Ben Affleck and Amy Adams kicked off the presentation with a bang, introducing a reel spotlighting the studio’s ambitious slate of DC films.  The roster includes the new Justice League film, as well as stand-alone Wonder Woman, The Flash, Aquaman, and Cyborg features. Embattled Batman v Superman director Zack Snyder closed the reel with a greeting from the Justice League film set, surrounded by his stars. The DC preview also included a glimpse of the summer’s hotly anticipated super-villain team-up Suicide Squad before its writer/director David Ayer took the stage and introduced the main ensemble cast, led by Will Smith, Jared Leto, Margot Robbie, and Joel Kinnaman.  The extended version of the Suicide Squad trailer was met with loud applause and the buzz surrounding the film was palpable.

Host Mario Lopez went through the rest of the summer line-up, with advance footage from the wide range of titles, introduced by stars and filmmakers including Russell Crowe for Shane Black’s action comedy The Nice Guys, Emilia Clarke for the drama Me Before You, director James Wan and stars Vera Farmiga and Patrick Wilson for the supernatural thriller The Conjuring 2, Teresa Palmer and David F. Sandberg for the horror thriller Lights Out, Kevin Hart and Rawson Marshall Thurber for the action comedy Central Intelligence, Alexander Skarsgård, Margot Robbie, Samuel L. Jackson, and Christoph Waltz for the adventure The Legend of Tarzan, and director Todd Phillips and his Hangover star Bradley Cooper reuniting for the comedic drama War Dogs based on real events.

WB then unveiled films on the drawing board from the Warner Animation Group.  Chris Miller, Phil Lord, and Nicholas Stoller introduced titles in the pipeline, anchored by The LEGO®Batman Movie, The LEGO® Movie 2, and Ninjago.  Stoller, who co-directed the next film on the slate, Storks, was joined by fellow director Doug Sweetland and voice talents Andy Samberg and Katie Crown to present new footage from the family adventure.  The animation portion wrapped with never-before-seen footage from The LEGO® Batman Movie, presented by producers Lord and Miller, and the voice of ‘Batman’ himself, Will Arnett. The presentation closed with a look Warner Bros. closed the presentation with a look at Fantastic Beasts and Where to Find Them, written by Harry Potter creator J.K. Rowling.  Four of the film’s stars; Eddie Redmayne, Alison Sudol, Dan Fogler and Colin Farrell; introduced the new teaser trailer and a look behind the scenes of the film.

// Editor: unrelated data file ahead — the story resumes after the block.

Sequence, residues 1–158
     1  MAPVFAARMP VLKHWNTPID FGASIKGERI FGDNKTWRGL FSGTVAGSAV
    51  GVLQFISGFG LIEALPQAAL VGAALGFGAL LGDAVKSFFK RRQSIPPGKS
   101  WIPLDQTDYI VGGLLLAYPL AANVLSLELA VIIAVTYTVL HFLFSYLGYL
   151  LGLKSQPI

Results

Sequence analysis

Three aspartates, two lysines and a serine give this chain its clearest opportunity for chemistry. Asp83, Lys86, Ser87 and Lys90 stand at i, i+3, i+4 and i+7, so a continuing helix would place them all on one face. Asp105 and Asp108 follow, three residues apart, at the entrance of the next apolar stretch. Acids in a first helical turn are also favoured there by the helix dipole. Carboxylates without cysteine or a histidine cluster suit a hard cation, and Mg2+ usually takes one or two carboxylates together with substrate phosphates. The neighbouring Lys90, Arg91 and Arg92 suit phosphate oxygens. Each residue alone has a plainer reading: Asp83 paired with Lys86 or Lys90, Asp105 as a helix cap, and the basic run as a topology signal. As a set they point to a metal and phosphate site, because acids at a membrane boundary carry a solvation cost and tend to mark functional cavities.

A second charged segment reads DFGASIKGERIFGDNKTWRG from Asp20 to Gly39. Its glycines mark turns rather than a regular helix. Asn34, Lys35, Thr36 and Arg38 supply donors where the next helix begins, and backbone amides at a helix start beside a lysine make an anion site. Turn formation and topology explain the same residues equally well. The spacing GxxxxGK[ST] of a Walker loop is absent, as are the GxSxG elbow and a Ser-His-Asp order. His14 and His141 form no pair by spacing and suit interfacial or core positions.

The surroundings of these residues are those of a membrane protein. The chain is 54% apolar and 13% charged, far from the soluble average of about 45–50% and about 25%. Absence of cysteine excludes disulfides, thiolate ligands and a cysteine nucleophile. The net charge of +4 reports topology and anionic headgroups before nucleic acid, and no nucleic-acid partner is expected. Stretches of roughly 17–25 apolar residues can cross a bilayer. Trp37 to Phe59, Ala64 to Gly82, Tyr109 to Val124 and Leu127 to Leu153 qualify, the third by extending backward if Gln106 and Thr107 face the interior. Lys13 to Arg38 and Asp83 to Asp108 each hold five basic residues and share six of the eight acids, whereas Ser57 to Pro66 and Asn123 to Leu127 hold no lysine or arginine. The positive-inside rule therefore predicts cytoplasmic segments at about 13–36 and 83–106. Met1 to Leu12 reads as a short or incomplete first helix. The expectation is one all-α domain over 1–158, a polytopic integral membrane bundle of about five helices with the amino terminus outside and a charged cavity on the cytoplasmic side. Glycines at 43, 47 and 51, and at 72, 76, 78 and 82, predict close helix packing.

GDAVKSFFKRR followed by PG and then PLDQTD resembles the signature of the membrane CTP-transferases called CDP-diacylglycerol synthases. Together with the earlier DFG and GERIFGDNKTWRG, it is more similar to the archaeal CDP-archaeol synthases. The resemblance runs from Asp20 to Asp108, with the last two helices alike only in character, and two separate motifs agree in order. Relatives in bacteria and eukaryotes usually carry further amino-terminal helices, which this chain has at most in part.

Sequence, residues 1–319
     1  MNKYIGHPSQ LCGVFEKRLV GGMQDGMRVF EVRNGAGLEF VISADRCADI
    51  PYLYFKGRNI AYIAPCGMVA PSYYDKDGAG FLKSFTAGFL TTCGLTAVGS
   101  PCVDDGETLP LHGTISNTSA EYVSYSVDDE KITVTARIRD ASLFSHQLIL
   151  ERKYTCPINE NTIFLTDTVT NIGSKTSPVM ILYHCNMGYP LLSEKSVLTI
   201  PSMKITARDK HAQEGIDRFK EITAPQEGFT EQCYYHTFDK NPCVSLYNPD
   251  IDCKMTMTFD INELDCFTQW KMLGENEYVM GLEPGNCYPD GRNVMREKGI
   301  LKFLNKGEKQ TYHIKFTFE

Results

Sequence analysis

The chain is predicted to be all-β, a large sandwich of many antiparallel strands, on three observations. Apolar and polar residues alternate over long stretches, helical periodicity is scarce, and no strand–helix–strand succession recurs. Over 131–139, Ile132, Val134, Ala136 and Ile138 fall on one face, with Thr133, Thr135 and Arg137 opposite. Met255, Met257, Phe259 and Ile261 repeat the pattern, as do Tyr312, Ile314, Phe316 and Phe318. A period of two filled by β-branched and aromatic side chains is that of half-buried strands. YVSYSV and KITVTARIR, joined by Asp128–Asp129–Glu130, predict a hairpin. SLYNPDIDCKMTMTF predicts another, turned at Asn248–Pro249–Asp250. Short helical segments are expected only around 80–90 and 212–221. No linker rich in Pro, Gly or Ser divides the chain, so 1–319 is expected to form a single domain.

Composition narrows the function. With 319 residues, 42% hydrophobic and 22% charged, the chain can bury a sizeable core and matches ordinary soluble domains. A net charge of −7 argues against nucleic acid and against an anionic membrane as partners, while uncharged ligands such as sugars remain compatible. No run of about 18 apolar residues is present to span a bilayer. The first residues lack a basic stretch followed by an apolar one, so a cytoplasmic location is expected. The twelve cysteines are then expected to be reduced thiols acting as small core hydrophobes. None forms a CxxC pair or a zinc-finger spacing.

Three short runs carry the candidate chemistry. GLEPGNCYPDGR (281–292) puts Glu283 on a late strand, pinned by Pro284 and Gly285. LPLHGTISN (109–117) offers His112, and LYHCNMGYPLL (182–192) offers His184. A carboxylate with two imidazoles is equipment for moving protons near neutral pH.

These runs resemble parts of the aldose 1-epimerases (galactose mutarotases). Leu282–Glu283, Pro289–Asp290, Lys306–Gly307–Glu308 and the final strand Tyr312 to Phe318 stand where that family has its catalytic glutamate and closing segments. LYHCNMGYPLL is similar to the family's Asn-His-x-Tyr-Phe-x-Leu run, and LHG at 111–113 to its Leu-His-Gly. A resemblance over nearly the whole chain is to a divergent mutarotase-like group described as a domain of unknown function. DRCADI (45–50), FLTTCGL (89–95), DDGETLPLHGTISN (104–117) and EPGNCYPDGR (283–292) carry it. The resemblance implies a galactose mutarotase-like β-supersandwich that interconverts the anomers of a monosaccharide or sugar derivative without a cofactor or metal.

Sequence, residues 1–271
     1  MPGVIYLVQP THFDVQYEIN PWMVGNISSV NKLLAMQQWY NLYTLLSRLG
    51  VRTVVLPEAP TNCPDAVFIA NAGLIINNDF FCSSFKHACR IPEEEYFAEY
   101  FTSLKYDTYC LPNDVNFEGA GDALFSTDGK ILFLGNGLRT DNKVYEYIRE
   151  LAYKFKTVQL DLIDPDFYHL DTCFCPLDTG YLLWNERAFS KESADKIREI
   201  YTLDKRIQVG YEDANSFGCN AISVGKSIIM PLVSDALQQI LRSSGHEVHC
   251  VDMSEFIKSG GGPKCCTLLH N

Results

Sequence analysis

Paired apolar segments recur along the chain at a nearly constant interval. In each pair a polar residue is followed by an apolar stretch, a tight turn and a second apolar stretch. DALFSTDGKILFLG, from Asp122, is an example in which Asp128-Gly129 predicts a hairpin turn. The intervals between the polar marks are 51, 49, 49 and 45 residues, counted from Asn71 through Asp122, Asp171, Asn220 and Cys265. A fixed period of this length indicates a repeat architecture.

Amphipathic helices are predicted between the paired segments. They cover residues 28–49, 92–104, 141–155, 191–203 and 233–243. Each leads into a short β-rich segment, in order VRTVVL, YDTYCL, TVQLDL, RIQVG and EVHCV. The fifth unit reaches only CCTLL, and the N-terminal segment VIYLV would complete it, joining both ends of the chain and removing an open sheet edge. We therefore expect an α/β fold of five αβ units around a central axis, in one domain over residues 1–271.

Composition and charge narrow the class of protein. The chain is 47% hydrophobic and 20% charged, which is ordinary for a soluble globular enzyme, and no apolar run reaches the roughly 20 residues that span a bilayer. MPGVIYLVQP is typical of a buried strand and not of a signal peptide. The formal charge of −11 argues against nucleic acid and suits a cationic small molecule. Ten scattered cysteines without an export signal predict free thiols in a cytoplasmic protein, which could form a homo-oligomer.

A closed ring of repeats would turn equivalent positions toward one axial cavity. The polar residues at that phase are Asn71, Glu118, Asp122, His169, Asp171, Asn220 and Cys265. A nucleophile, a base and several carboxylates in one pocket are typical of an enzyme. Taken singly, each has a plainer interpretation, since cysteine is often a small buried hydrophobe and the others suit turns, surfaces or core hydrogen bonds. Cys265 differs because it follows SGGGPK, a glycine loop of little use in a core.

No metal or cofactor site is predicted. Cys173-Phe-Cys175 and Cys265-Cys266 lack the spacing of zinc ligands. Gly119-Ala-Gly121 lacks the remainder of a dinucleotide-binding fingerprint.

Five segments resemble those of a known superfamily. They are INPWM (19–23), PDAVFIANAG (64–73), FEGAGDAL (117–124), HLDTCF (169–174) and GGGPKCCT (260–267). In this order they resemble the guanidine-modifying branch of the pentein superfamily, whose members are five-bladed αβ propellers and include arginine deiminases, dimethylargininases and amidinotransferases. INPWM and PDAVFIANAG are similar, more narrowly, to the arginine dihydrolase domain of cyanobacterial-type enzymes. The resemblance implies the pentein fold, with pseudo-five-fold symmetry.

It is a keen irony that the WB is currently taking flak for launching the Cinematic DC Universe with the humourless dourness of Batman v Superman, while the TV DC Universe is universally beloved for its lightness of touch, almost as if two prime directives are colliding. The need to maintain the WB’s vaunted position as a home for cinematic artists that respects directorial vision – whether that be Kubrick, Nolan, or Affleck – becomes self-defeating when the artist in question is Zack Snyder, and when an entirely less sombre vision, exemplified by writer/producer Greg Berlanti’s roster of Arrow, The Flash, Legends of Tomorrow, and Supergirl, is available free to air weeknights.

January 28, 2014

2014: Fears

Filed under: Talking Movies — Fergal Casey @ 7:25 pm
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300: BATTLE OF ARTEMESIUM

Noah
Arriving in March is Darren Aronofsky’s soggy biblical epic starring Russell Crowe as Noah, and Anthony Hopkins as Noah’s dad, the oldest man imaginable Methuselah. Jennifer Connelly, Emma Watson, and Logan Lerman round out the family, and Ray Winstone is the beastly villain of the piece. Aronofsky doesn’t lack chutzpah, he passed off horror flick Black Swan as a psychological drama in which Natalie Portman did all her own dancing after all, but this will undoubtedly sink without trace in its own CGI flood because it apparently tackles head-on the troublesome references to the Sons of God while somehow making Noah an ecological warrior – which neatly alienates its target audience.

300: Rise of an Empire